Stromboli's serves an amazing white pizza, something that's easy to take for granted in the northeast.  I didn't fully grow up with it -- you tend to find white pizza at the Italian-style pizzerias far more than the Greek-style ones -- but it was a specialty at Elvio's, in Center Harbor, NH, where my family has a place on the lake.  And Elvio's was near about walking distance -- hell, it's summer, we didn't have much else to do -- so I went there a lot more often as a teenager than I would have had I had to wait for my parents to want pizza again.  Elvio's isn't there anymore, but there's a new pizza joint in the same location, and they're still real good:

White pizza from Center Harbor

As you can see, the Center Harbor white pizza sprinkles some herbs on top.

White pizza comes a few different ways: pizza with Alfredo sauce (really "white-sauce pizza," but some places that serve it will just call it "white pizza"), pizza that's just like red sauce pizza but without the sauce (cheese directly on top of the crust), and pizza in which instead of the red sauce, you've got some olive oil, some chopped garlic, maybe some ricotta -- some sort of flavor between the cheese and the crust.  That third is what I think of as what white pizza should be -- a little garlicky, a little oily, with some good ricotta.  Lot of people don't like ricotta cheese, or think they don't -- I'm guessing they've just never had it good.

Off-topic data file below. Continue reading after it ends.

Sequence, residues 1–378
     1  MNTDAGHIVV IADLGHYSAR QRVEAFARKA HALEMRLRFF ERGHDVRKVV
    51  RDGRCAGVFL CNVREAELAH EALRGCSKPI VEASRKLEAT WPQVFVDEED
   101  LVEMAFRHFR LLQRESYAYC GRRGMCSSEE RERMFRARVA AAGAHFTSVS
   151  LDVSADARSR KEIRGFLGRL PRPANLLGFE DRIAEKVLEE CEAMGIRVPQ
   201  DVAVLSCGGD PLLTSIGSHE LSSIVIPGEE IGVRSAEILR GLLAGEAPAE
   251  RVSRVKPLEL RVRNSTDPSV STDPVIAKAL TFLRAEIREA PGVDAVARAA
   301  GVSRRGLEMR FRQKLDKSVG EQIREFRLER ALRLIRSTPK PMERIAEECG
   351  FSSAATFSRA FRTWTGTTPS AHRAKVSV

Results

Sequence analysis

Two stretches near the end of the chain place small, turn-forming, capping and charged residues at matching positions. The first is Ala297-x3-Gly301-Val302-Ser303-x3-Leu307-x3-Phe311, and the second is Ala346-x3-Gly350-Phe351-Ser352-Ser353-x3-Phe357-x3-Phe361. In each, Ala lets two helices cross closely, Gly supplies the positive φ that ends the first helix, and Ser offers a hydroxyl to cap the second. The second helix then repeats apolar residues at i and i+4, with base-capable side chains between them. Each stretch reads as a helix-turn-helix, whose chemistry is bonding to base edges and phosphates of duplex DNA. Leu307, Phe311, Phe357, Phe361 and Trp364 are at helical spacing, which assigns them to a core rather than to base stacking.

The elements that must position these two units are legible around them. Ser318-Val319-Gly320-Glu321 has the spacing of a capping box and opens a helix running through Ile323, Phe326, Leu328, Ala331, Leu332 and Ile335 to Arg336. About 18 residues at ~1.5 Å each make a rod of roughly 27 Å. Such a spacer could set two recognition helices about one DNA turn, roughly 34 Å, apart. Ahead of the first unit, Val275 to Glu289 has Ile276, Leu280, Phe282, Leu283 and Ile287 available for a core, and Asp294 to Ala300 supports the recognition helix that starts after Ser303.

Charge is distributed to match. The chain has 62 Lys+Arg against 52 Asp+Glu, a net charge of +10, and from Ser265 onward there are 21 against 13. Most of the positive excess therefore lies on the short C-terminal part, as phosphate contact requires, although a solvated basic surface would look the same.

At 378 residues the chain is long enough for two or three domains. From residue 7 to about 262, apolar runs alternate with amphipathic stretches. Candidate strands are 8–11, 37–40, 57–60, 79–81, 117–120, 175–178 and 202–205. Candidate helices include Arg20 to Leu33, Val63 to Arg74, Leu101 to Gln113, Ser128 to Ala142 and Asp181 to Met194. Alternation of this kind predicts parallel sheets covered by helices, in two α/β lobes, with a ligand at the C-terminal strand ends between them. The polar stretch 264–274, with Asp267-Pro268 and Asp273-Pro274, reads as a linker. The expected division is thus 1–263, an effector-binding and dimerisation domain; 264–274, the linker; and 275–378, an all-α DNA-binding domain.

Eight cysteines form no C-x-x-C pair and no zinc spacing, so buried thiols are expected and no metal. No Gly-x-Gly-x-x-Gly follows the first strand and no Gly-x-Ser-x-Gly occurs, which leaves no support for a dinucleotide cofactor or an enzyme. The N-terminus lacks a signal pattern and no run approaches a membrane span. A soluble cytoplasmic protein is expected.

Pizza Salsicchia, Stromboli's in Billerica

That's Stromboli's salsicchia -- sausage and ricotta.  Damn good.  See how the crust is thinner and flatter than the C&S pizza?  Italian-style.  Notice the amount of cornmeal dusting too.

Meatball pizza, Papa Romano's

I don't know why I don't have more, or better, photos from this pizzeria, but this is my #3 pizza parlor, Papa Romano's, in Nashua.  That's the meatball pizza, and meatball pizza is a special feature of pizza around here, and Papa's has its own spin on it, so let me back up and explain that first.

First, typical "meatball pizza" around here has nothing to do with meatballs.  It's an offering of the Greek-style pizza parlors, and what you get is strips of highly seasoned gyro-like meat on your pizza.  Sometimes the meatball subs are the same, so that you get "meat strips" instead of "meat balls."  I had no idea growing up that every pizza parlor in the country didn't serve meatball pizza, though I should've twigged to it since Pizza Hut doesn't serve it.